PhD Student at the University of Vienna
The Diplomat’s Sword. Military and Diplomatic Practice and the Early Modern Habsburg Monarchy
In my project, I investigate the ways in which the military with diplomacy intermingled in Early Modern Europe. While it was customary for noble military commanders to be send on diplomatic missions, an analysis of the phenomenon of the soldier-diplomat is as much a lacuna in scholarly literature as the daily practice of military commanders in the given period in general. Furthermore, it was part of almost every military commander’s job to synchronize the military effort with the respective foreign policy. In this, military commanders employed and maintained communication with diplomats and courtiers throughout times of war, with the purpose of synchronizing the military efforts with allies and of using the respective ally’s resources of information gathering. Focusing on the Habsburg Monarchy in its formative period as a major European power, I will concentrate on the entanglements between the military command and diplomacy in general and on the involvement of military commanders in diplomatic activities in particular. A wide spectrum of sources will back the project empirically, f.e. diplomat-instructions, military campaign reports, and correspondences. This research is fundamental for an understanding of pre-modern practices of war and peace, questioning – but not necessarily negating – the truth of the equation of the military with war and of diplomacy with peace.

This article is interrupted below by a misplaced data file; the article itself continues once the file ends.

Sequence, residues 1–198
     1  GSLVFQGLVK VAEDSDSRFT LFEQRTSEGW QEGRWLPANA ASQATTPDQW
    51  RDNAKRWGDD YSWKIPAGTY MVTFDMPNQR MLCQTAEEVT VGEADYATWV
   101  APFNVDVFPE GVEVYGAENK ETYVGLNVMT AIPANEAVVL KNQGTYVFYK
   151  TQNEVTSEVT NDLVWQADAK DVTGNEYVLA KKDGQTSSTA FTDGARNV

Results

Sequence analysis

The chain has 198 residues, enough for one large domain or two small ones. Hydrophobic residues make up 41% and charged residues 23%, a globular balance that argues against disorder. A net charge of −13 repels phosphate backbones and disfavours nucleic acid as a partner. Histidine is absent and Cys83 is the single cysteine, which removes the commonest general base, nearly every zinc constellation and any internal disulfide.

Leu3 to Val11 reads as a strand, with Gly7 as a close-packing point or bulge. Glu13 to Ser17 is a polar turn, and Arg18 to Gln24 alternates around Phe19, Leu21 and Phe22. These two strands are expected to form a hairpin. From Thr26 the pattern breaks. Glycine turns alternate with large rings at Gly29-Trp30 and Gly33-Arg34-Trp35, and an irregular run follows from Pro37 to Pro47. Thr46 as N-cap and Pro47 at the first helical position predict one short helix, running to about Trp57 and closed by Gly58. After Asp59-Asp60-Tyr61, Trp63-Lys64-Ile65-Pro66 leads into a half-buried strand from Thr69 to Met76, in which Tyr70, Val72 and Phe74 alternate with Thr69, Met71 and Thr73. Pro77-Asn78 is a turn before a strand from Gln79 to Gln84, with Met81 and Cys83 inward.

Cultural History of Diplomacy
History of Violence